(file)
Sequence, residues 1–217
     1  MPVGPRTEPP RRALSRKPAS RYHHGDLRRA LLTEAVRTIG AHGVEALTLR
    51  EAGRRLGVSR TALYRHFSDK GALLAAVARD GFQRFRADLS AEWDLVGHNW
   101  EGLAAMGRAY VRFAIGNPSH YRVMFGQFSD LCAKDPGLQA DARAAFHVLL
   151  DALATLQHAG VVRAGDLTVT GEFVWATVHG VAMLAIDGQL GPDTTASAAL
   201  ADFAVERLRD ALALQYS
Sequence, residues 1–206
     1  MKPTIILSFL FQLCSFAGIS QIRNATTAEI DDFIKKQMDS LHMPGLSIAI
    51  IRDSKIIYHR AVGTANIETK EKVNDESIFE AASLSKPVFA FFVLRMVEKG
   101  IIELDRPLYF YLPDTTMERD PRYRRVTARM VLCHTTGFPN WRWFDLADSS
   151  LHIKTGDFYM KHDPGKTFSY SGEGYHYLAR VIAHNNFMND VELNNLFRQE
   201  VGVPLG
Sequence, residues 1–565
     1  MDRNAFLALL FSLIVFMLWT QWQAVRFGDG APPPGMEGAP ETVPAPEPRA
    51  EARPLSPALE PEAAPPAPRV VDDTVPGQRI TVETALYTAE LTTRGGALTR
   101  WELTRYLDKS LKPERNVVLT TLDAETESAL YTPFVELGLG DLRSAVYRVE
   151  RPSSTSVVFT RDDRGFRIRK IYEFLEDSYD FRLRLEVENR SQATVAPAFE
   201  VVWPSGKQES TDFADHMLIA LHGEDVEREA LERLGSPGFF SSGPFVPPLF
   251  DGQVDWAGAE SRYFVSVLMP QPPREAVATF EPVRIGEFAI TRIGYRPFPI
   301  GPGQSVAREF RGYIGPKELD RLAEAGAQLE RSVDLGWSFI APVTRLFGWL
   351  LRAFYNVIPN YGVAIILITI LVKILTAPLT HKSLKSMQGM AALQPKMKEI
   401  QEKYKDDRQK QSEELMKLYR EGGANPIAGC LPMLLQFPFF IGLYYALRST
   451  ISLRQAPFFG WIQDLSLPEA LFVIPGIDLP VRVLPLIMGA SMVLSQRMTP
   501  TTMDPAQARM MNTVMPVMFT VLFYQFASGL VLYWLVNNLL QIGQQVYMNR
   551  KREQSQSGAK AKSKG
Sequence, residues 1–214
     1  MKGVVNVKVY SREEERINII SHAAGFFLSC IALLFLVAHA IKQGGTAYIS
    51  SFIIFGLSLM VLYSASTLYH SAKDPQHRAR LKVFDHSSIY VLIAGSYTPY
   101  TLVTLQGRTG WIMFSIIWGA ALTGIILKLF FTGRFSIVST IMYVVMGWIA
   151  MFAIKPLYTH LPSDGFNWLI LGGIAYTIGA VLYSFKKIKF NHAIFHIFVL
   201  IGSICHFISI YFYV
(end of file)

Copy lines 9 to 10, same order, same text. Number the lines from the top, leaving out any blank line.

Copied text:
    51  IRDSKIIYHR AVGTANIETK EKVNDESIFE AASLSKPVFA FFVLRMVEKG
   101  IIELDRPLYF YLPDTTMERD PRYRRVTARM VLCHTTGFPN WRWFDLADSS